Social networks and health care: event video and recap

Social networks and health care: event video and recap

You use your mobile phone for everything: monitoring the weather, stock prices, and what your favourite celebrity is doing on a Saturday night. So if you had diabetes, wouldn’t it make sense to use your phone to monitor that, too?

What if you were a registered nurse trying to provide palliative care to a dozen patients during a night shift? If you could use your mobile phone to connect with other support workers, to provide better care for more people, wouldn’t that just make sense?

At MaRS’ Social Networks and Health Care Global Leadership event, three expert panelists shared their thoughts on how social networking platforms can be used to improve the quality of healthcare: improving access to, and efficacy of, healthcare treatments. Here’s the video:

Examples of some unique, successful solutions showed that there is significant potential for social networks to fill many gaps in our healthcare system:

  • BANT, a mobile app for managing treatment of diabetes in children, encourages active self-monitoring. This app links directly with the glucometer to easily track blood-glucose levels, and incorporates a micro-networking site, Twitter, and virtual rewards to increase compliance and promote positive health behaviours.
  • Software accessible on your mobile phone that provides backup to personal support workers and nurses working in palliative care, enabling better, more unified care, and happier workers, family and friends.
  • Websites such as, which connect patients with other patients with their disease, so that someone with a more rare disease can find support from someone who understands what they’re going through.

Empowering patients through social networks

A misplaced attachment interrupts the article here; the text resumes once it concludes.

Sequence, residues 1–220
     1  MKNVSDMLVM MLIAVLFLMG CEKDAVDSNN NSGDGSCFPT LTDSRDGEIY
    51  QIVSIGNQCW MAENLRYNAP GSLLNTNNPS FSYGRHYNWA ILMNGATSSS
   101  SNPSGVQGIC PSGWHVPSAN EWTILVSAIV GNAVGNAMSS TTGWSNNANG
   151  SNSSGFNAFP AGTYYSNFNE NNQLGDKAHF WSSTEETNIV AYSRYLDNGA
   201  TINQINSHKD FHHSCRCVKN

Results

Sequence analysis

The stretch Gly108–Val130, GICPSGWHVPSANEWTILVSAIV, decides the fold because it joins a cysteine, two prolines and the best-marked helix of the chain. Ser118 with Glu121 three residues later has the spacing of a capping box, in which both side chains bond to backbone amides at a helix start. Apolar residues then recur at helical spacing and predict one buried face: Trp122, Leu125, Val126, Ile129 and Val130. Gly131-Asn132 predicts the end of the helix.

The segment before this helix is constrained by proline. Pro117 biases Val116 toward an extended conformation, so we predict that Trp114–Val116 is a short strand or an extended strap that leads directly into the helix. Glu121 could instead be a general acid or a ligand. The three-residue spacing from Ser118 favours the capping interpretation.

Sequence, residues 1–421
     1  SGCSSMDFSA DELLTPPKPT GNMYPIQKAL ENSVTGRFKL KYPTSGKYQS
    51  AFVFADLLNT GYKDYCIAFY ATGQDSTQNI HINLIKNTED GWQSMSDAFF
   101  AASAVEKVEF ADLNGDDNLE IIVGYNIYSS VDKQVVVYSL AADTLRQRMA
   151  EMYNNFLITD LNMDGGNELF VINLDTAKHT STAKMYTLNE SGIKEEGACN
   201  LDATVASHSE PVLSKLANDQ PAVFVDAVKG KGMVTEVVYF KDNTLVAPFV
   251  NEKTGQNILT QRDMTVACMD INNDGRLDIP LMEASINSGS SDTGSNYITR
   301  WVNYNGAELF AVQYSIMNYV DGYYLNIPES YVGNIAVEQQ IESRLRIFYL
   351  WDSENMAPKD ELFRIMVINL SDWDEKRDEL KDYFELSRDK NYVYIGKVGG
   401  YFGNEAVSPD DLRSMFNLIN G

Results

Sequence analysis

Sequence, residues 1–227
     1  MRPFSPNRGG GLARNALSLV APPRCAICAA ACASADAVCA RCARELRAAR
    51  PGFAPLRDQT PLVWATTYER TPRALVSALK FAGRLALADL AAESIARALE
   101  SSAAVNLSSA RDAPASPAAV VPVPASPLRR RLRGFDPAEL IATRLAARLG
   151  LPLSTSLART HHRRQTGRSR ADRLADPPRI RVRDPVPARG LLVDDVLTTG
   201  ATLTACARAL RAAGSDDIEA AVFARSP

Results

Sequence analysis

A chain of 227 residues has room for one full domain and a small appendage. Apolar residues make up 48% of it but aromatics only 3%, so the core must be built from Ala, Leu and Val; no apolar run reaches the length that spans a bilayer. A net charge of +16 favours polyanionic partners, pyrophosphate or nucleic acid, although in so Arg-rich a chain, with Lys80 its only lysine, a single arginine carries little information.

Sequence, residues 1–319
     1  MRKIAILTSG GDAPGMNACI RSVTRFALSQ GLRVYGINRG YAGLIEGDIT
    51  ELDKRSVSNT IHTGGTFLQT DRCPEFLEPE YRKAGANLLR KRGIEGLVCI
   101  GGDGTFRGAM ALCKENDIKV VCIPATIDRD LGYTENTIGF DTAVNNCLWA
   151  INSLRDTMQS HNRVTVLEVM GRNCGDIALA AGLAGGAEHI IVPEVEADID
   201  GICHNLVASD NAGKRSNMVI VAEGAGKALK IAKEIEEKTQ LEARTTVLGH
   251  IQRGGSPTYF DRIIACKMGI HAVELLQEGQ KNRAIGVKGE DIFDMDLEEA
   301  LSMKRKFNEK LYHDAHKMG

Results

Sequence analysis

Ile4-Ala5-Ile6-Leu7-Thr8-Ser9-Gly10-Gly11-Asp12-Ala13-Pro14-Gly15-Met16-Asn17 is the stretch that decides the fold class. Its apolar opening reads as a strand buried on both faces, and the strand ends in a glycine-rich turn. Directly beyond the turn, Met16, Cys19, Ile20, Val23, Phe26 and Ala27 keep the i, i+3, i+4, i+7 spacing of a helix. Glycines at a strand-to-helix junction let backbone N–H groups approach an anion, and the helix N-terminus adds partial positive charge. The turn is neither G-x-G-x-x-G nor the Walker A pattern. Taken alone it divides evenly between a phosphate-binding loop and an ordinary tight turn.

Uses for social networking solutions vary greatly in health care settings, and serve operational, clinical, palliative, and educational functions.

But the key theme of social networking solutions is personal empowerment for improving health. These platforms aim to increase efficacy of treatment, and put the power into the patients’ hands through better education of treatment options, a strengthened support community for both patients and caregivers, and increased communication between both.

Social networking platforms have the power to:

  • Empower patients to make decisions about their treatment
  • Increase compliance with a treatment regimen, leading to better health outcomes
  • Improve education about treatment options, and self-awareness about disease states and overall health and wellness
  • Increase communication within a team of personal support workers, so they can share knowledge about a common patient or get quick answers for any question
  • Bring together a patient with their doctor, even when they’re apart
  • Unite groups of patients that are going through the same experience

In daily life, social networking platforms are ubiquitous and undeniably influential on the way we build relationships and share information. But the healthcare system has been slow to adapt, so there is a need for keen entrepreneurs to jump in there and stir up the waters with solutions that make people happier… and healthier!